If Naughty Dog does not intend to keep Dina around for long in “The Last of Us Part II,” then why would they tease the LGBTQ community with the possibility of a lesbian relationship that lasts longer than the 12 minutes of the trailer? What are their intentions? Does Naughty Dog just want to be “hip” with the liberal crowd and ride the Pride Month high like so many other companies?
Brands during Pride pic.twitter.com/y4WQP56G14
— Shiro Sirius (@ShiroSirius) June 29, 2017
It is encouraging to see more and more companies increasingly embracing pride, but which advertisements are genuine and which are just taking advantage of a marketing opportunity? Last year, Puma released the Clyde Pride Pack, which included a $95 pair of rainbow sneakers. As cool as they look, none of the profits went to an awareness campaign or LGBTQ charity. Puma’s efforts are appreciated, but would be even more so if the brand backed up the message with action.
In fact, Puma could stand to take a page from Levi’s book. The San Francisco-based company began its fight against HIV and AIDS in 1982 and has since contributed over $70 million to HIV/AIDS organizations.
Then there are the hypocrites. Topshop decked out its Oxford Street flagship in London with rainbows in June 2017. Five months later, it refused trans activist Travis Alabanza from entering a female changing room. The company has since announced gender-neutral changing rooms, but it’s too little too late.
Given the meticulous attention to detail Druckmann and his team put into ensuring Dina’s ethnic hair was lighted properly, you can infer that Naughty Dog is more like Levi’s than Puma or Topshop. Some fans were offended when Naughty Dog released DLC in 2014 that gave the first indication of Ellie’s homosexuality, but Druckmann responded with this tweet:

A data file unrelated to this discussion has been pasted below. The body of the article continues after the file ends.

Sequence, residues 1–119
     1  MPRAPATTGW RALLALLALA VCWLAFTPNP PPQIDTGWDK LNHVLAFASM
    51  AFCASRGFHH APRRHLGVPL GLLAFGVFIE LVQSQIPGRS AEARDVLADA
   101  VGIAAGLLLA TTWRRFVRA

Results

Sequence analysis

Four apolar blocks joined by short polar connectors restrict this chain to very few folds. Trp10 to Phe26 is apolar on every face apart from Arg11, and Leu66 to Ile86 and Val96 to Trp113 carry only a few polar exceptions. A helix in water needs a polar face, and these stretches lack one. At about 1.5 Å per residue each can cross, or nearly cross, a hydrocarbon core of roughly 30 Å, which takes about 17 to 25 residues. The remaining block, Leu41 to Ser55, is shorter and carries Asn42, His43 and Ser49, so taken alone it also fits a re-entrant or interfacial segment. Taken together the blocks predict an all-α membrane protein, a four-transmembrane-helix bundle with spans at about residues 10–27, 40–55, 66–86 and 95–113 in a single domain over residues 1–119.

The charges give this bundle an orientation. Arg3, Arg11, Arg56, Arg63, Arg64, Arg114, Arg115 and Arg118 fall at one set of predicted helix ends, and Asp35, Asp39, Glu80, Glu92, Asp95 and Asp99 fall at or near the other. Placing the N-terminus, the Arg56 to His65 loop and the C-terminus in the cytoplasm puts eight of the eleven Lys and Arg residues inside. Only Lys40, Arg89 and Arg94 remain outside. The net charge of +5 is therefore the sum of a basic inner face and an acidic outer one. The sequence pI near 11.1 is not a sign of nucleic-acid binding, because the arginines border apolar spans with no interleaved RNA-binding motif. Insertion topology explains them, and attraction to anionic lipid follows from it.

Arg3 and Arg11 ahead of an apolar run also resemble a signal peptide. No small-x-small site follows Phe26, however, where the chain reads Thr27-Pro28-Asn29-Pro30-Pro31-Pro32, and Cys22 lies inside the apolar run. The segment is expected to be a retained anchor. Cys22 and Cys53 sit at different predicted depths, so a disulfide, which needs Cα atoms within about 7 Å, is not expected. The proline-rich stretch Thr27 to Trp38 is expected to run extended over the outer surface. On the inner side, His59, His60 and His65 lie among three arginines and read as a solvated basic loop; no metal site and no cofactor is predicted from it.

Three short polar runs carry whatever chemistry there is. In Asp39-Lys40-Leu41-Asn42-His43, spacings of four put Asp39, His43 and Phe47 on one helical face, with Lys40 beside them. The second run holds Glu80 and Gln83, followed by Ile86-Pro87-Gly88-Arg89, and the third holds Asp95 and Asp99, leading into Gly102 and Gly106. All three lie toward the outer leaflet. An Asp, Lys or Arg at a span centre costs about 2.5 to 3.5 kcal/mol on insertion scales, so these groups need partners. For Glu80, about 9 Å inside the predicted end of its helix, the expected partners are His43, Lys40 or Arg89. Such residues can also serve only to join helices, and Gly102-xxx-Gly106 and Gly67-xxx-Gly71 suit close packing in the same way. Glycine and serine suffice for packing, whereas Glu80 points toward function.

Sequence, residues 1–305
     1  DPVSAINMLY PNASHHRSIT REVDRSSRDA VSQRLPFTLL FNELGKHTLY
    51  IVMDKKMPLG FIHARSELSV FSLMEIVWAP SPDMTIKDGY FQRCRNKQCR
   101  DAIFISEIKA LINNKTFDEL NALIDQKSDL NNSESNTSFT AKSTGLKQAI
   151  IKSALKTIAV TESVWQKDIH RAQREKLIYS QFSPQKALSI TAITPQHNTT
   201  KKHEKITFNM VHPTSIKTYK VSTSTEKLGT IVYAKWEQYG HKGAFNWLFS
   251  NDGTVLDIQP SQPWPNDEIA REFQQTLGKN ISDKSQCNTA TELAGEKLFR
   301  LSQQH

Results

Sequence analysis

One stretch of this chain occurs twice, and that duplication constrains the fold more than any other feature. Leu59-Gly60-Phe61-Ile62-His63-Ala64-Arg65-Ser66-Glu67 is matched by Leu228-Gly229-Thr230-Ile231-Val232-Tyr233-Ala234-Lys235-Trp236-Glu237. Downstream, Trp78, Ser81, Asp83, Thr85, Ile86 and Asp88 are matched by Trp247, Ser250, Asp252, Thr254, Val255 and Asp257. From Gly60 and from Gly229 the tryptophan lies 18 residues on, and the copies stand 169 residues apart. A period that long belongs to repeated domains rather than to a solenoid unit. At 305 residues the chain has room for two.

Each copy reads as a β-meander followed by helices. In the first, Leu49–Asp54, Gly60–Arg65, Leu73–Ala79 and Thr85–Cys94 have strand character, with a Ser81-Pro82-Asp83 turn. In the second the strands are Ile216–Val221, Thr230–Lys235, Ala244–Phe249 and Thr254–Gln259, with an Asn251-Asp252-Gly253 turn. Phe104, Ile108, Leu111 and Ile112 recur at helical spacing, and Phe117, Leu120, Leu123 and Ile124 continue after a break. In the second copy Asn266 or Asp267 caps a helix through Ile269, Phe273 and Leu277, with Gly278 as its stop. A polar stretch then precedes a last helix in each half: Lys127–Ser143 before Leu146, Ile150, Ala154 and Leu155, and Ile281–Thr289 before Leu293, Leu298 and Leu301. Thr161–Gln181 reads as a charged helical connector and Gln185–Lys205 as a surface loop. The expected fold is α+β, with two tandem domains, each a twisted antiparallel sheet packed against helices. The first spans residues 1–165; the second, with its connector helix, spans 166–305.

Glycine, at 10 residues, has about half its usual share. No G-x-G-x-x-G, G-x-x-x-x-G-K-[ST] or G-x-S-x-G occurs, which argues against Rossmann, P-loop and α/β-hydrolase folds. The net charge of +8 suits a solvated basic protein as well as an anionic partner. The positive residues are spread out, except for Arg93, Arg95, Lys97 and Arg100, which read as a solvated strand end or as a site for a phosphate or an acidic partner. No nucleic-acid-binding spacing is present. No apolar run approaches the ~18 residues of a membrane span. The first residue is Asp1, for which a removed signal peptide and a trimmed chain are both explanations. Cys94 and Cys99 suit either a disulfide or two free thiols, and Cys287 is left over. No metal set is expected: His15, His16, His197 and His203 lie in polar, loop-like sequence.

For each one of these bigoted & sad posts I get 1000s of positive ones from amazing fans. Both kinds inspire greater diversity in our games. pic.twitter.com/lSLgPzecbs
— Neil Druckmann (@Neil_Druckmann) July 10, 2017
Other clues to Dina’s longevity in “The Last of Us Part II” involve her bracelet. She is seen wearing it during the festival, but zoomed-in screenshots reveal that Ellie is wearing the same bracelet when she is violently murdering her attackers.
This could indicate that Ellie is wearing it as a memorial and is now avenging the death of Dina, but Druckmann has confirmed one fan’s observation that the bracelet is a hamsa. According to the fan, a hamsa is “a ubiquitous symbol in the Middle East that often appears on jewelry and household items. It symbolizes the hand of G-d, a sign of protection, luck, fortune, etc., wards away evil.”
If it is meant for good luck, then the bracelet could have just been a gift from Dina to protect Ellie on her dangerous quest.
It is expected that people will die in a zombie apocalypse, but with so few LGBTQ characters already, can the community really spare another one? The inclusion of Dina, a Jewish lesbian, is a step forward for equal representation in video games, and Druckmann’s advocacy for LGBTQ and diversity gives the community hope that, for once, this same-sex relationship will have a happy ending.